Book #73

Moll Flanders by Daniel Defoe

The Fortunes & Misfortunes of the Famous Moll Flanders, &c. Who was Born in Newgate, & during a Life of continu'd Variety for Threescore Years, besides her Childhood, was Twelve Year a Whore, five times a Wife (whereof once to her own Brother), Twelve Year a Thief, Eight Year a Transported Felon in Virginia, at last grew Rich, liv'd Honest, & died a Penitent. Written from her own Memorandums.

Oh, Moll. The number of utter mishaps you encountered in your life is inconceivable. Whilst reading I was bowled over by the amount of times I thought she was getting back on her feet, only to be knocked down again by cruel and ridiculous twists of fate. Finding out your husband was your brother was a particular favourite.

I love a classic novel for its social commentary, and here we team up with Moll to achieve what all eighteenth century women were out to achieve - ensnaring a suitable husband. For it’s only with a suitable husband that you can live as you want to - you need his money, his status, and his protective arm around your shoulder. Moll works her way through husbands like I work my way through packets of crisps; when one disappears (whether by death or disaster), she crusades to the next.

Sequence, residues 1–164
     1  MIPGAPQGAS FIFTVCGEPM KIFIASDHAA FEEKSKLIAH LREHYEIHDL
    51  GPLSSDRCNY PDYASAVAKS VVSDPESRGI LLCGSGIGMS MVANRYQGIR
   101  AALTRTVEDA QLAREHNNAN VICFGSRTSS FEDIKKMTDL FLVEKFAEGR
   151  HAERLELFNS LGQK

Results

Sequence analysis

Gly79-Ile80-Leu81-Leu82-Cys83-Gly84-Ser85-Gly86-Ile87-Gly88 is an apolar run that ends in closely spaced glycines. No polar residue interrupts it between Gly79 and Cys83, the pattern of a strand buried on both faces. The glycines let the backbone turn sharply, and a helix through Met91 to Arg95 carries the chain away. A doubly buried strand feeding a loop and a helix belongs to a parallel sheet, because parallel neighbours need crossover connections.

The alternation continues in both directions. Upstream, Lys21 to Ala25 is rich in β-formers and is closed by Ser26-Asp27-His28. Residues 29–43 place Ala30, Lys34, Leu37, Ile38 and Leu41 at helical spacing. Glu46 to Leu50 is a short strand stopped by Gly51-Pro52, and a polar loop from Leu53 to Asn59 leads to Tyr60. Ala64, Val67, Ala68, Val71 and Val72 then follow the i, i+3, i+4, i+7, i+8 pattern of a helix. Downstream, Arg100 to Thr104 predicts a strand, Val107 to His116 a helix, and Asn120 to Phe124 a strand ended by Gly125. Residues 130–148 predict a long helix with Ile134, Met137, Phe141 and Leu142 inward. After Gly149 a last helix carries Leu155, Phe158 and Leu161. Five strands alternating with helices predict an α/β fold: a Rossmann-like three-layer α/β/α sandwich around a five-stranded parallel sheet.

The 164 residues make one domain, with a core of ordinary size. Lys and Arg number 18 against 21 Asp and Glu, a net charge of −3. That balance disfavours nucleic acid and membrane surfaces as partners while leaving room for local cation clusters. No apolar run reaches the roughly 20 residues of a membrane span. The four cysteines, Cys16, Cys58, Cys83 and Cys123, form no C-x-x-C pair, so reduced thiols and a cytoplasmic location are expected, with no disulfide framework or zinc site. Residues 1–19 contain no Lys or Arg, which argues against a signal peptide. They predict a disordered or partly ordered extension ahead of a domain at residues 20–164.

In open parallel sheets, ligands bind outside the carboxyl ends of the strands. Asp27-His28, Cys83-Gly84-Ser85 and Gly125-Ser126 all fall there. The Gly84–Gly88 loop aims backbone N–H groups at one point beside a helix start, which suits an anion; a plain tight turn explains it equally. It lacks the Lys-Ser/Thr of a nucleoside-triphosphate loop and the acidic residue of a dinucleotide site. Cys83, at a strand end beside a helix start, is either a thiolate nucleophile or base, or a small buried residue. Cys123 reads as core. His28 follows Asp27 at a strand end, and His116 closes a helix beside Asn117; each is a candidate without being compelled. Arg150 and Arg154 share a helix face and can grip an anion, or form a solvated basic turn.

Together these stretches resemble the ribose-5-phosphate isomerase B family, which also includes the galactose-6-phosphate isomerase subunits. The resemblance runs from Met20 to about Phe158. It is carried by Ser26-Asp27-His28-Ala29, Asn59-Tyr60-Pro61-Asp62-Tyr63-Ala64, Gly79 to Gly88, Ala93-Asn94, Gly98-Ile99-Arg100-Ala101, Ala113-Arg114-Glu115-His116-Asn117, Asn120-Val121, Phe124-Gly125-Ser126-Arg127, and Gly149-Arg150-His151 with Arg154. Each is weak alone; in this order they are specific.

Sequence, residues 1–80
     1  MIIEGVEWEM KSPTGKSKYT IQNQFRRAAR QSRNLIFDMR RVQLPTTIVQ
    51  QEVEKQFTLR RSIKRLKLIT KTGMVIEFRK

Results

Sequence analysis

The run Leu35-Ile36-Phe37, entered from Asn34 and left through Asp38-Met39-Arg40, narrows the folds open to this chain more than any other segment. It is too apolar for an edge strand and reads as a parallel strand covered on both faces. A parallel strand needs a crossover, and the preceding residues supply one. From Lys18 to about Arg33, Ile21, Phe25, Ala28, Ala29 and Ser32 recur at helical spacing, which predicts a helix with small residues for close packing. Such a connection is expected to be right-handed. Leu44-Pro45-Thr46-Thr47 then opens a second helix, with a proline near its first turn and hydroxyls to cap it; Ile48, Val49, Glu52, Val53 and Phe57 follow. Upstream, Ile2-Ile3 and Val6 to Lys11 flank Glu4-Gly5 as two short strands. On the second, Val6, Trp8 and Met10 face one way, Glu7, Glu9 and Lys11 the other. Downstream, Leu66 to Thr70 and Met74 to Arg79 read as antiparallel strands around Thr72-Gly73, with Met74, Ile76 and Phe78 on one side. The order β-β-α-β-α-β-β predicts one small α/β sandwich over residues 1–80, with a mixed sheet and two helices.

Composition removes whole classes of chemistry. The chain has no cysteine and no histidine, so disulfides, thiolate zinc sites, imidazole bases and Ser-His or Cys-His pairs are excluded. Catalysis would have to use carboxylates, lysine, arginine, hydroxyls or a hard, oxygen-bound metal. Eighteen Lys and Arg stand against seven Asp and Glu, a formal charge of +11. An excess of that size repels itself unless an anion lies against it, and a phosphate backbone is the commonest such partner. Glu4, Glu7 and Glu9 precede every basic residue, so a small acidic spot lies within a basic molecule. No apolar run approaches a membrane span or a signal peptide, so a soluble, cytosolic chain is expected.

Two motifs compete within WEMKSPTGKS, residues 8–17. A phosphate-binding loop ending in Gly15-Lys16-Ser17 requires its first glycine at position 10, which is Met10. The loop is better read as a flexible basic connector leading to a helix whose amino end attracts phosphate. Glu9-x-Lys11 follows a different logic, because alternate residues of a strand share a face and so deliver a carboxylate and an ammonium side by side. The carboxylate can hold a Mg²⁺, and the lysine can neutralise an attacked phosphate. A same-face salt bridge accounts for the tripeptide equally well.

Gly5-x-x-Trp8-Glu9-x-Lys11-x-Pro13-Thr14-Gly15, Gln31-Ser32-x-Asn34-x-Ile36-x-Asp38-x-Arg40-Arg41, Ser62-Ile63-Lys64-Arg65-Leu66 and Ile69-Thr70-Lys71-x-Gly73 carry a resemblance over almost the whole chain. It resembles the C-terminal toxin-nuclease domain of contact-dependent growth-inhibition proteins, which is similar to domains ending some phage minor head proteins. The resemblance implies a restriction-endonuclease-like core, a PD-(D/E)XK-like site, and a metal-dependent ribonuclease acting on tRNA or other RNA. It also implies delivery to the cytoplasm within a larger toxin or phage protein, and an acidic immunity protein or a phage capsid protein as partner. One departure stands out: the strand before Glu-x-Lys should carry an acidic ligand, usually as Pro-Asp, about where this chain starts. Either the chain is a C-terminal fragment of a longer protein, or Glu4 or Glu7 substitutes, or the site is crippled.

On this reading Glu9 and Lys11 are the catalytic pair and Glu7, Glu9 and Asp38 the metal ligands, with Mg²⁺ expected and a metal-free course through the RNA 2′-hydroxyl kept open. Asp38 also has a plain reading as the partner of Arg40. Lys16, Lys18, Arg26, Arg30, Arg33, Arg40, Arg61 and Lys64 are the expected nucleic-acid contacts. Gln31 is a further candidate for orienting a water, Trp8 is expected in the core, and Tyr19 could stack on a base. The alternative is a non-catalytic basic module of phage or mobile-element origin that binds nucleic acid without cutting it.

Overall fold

Then we look into all of the obstacles a woman would face back then, obstacles which would often lead to criminal convictions, social segregation, or just the plain humiliation of being the object of gossip. This old world is truly fascinating with its barbaric ways, ridiculous expectations, and incomprehensible norms.

There’s an odd style here, which sometimes feels emotionless. Defoe documents Moll’s life as though it’s a formal report, and going by his career history, perhaps it was.

Moll is great. She’s scheming, raw, resilient. She’s not the eighteenth century simpering doormat many of us are used to, and her sheer refusal to stop reaching puts her up there with the best.